INNOCENT: Some people from overseas need our protection.
INNOCENT: Some people from overseas need our protection. AP

Asylum seekers are invited to come here

LETTER OF THE DAY: RE: GEOFF Cass, of Tewantin (See letter below). You are right we do not have an adequate health system and many Australians are not being looked after as they should.

It is a blight on our government that people who cannot operate within our limited social and economic structure are forced to barely survive on the streets (not to mention everyday Australians who simply cannot afford adequate medical treatment).

However, regarding persecuted people seeking asylum in Australia not being "invited to come here", I will point you to the Commonwealth Migration Act 1958 section 36.

Section 36 regards protection visas for people who require protection from things like the death penalty, torture, inhumane treatment, degrading treatment (2A) etc.

In my opinion this is an "invitation" to people who require our protection. We live in a very fortunate situation here in Australia, and as such we often may find it difficult to comprehend what some people, in less fortunate situations, are faced with on a day-to-day basis, for example, in many countries, simply writing this letter, expressing our opinions may be deemed an illegal act.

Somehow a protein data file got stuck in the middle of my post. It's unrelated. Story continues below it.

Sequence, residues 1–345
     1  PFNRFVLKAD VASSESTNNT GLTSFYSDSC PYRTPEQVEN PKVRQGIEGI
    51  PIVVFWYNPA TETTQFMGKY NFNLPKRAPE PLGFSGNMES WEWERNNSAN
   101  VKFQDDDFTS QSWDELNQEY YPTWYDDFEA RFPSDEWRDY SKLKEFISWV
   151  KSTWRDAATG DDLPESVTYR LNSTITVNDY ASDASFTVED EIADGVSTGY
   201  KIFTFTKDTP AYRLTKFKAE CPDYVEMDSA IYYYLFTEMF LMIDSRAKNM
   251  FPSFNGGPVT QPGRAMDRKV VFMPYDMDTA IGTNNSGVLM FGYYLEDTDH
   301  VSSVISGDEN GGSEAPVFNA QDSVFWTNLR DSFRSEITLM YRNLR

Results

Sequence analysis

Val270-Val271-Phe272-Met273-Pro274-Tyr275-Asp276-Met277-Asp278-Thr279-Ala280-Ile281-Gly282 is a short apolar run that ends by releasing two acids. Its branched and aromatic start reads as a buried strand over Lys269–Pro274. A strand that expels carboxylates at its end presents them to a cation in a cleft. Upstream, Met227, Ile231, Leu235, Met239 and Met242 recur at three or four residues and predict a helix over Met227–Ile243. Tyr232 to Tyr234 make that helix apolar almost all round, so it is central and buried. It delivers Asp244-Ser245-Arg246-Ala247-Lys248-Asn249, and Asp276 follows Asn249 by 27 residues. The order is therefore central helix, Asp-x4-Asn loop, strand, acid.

It is no wonder these people don't have a passport or visa, as it is most likely impossible for them to obtain these documents in their country.

GREG EASTON

Nambour

 

REALITY CHECK

WE READ and hear about the many doctors bemoaning the lack of sufficient medical attention for the asylum seekers on Christmas Island, in Papua New Guinea and on Manus Island.

In reply, I would like to bemoan the lack of most of the needed facilities for so many Australians, so many who have to live on the streets.

Let's get something clear: none of the asylum seekers was invited to come here.

Not one of them was able to show our authorities a passport or anything else to properly identify themselves. 

So when we already have a lengthy list of people who have passed all the checks and have been pre-approved to come here, but are currently living overseas awaiting their turn to come, why on earth should we even think about considering allowing these asylum seekers (actually nothing of the sort, just economic hopefuls) free entry in to Australia, and be given the same facilities that Aussie citizens are entitled to?

GEOFF CASS Tewantin


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